"I would want our security professionals to intervene very differently, with nonphysical interventions," she says. "This scenario might have played out very differently if hospital security had arrived on the scene before the local police officers."
The fact that the person trying to leave with the baby was the father further complicates the issue, Meserve says. Unless the hospital is aware of a custody dispute or verifiable risk to the child, there is little legal basis for stopping a parent from taking the child out of the hospital, she says. (For more on the dilemma with parents, see article, below.)
'Patience is a virtue'
Meserve and York concede that in some extreme cases, physical intervention can be necessary. If the person is harming the child or threatening to do so, the risk from physically intervening could be justified. But they emphasize that in most cases of infant abduction, the person is not likely to intentionally harm the child. "Patience is a virtue. Time is on your side in these cases," York says. "There's no harm in just talking, keeping the person there in the elevator lobby, talking as long as it takes to get that person to hand over the baby calmly and safely."
For more on the use of physical intervention in health care, contact:
Hard to stop parents leaving with child
Infant abduction systems can help stop strangers from kidnapping a child and they also can slow down a parent trying to take a child against medical advice. But ultimately if the parent wants to leave with a child, there may be little you can do to stop them, says Tony York, CHPA, CPP, president of the International Association for Healthcare Security & Safety (IAHSS) in Glendale Heights, IL.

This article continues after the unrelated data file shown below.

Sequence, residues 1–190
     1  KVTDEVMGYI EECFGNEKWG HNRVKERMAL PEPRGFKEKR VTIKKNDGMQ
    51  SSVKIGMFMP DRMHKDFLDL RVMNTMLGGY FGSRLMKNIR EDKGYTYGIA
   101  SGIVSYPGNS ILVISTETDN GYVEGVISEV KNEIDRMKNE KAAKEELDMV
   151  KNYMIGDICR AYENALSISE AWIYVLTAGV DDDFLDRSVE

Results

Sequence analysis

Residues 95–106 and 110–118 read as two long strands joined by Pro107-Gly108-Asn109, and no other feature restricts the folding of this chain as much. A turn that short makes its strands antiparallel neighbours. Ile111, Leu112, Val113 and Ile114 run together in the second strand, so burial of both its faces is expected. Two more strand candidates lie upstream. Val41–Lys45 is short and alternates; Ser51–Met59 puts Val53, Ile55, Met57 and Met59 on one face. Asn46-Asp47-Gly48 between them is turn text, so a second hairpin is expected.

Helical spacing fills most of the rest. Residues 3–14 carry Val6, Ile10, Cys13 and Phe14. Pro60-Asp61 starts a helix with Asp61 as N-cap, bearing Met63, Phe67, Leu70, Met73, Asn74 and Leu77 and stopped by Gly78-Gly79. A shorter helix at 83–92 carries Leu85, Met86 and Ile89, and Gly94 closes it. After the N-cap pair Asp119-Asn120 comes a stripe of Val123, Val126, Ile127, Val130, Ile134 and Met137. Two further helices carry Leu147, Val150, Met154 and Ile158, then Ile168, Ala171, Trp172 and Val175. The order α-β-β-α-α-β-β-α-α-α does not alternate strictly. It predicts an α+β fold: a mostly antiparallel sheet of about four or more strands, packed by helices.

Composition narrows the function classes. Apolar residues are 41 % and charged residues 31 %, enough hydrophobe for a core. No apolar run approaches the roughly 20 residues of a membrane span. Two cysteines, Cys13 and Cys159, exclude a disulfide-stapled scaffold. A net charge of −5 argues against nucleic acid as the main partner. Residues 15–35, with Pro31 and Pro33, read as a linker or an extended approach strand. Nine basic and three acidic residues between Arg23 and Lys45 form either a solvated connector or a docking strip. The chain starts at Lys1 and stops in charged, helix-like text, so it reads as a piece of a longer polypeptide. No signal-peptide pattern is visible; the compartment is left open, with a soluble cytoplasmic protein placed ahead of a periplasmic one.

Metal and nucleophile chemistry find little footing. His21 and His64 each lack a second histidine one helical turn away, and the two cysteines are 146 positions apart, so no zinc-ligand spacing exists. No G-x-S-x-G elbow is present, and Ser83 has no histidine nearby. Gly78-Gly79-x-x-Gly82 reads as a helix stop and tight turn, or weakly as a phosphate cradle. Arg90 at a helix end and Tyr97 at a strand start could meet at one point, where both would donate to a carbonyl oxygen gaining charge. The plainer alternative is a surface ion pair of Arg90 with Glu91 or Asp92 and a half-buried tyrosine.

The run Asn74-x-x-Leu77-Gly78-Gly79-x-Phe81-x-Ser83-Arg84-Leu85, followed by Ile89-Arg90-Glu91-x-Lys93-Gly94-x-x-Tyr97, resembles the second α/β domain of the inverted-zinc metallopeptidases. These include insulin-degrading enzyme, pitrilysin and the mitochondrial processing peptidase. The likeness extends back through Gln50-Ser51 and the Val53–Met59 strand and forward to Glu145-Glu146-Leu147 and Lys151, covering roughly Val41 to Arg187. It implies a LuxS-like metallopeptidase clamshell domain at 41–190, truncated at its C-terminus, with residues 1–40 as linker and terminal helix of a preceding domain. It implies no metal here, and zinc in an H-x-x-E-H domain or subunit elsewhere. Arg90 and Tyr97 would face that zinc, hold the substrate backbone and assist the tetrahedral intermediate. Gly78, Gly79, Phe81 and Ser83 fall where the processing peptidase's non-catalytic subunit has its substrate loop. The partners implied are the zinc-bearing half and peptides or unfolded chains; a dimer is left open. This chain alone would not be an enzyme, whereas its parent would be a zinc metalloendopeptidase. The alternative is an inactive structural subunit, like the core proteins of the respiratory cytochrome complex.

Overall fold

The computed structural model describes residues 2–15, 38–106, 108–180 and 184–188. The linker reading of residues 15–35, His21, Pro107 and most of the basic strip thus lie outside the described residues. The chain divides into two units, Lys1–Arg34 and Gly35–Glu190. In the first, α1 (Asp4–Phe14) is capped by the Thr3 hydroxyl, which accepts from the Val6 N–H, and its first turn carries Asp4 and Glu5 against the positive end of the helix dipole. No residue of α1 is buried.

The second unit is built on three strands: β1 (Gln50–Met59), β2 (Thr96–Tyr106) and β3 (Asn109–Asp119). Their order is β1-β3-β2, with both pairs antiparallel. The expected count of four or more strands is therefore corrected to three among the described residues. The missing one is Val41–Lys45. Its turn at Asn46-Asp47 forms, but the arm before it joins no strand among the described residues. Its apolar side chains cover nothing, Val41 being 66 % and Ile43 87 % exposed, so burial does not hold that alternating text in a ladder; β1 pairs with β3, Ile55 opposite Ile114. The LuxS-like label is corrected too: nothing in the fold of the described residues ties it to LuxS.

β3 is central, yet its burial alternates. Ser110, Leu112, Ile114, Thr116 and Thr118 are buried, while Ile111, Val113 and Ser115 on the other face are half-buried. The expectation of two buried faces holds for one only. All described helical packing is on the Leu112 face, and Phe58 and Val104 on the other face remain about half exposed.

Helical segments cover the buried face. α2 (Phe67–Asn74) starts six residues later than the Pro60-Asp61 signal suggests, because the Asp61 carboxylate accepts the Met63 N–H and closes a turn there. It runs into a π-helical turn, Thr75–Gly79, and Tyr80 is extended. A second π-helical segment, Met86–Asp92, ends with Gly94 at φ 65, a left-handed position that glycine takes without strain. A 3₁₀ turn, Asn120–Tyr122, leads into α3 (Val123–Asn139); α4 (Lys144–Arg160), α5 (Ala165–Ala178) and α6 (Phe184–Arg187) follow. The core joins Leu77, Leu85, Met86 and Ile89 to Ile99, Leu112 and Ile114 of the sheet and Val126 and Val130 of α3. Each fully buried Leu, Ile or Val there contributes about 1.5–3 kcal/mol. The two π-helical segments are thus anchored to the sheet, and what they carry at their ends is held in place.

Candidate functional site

The recent case in Houston was just such a scenario. York says the hospital's infant tagging system worked properly by shutting down the elevator, which slowed the father down long enough for an intervention. Staff and security can talk to the parent in such a situation, but ultimately might have to let the person leave with the child, explains Evelyn Meserve, CHPA, president-elect of the IAHSS and director of security and safety services at CaroMont Health in Gastonia, NC.
"I would expect my officers to get physical in the sense of blocking the path of egress to slow the person down, to allow more time for a nonphysical intervention," Meserve says. "But I would not want to see a physical takedown, not knowing where the baby is going to end up in that pile, even if this is not a parent taking the child."
Without knowledge of imminent harm or legal disputes, hospital security probably does not have the authority to stop the parent from leaving, Meserve says. If the parent insists on leaving, staff should be trained to gather the same information they would if it were a stranger taking the child: a description of the person and the car, and the direction of travel. That information can be useful if it later turns out that there is concern over the child's welfare.
York and Meserve note that, even if the mother and father are in dispute, the hospital may have no authority to intervene. "There is not much we can do to stop parents from leaving unless we've been warned that there is a security risk or a restraining order against the other parent, for instance," York says. "If the parent just wants to go and the doctor doesn't want him to, we may not be able to stop him."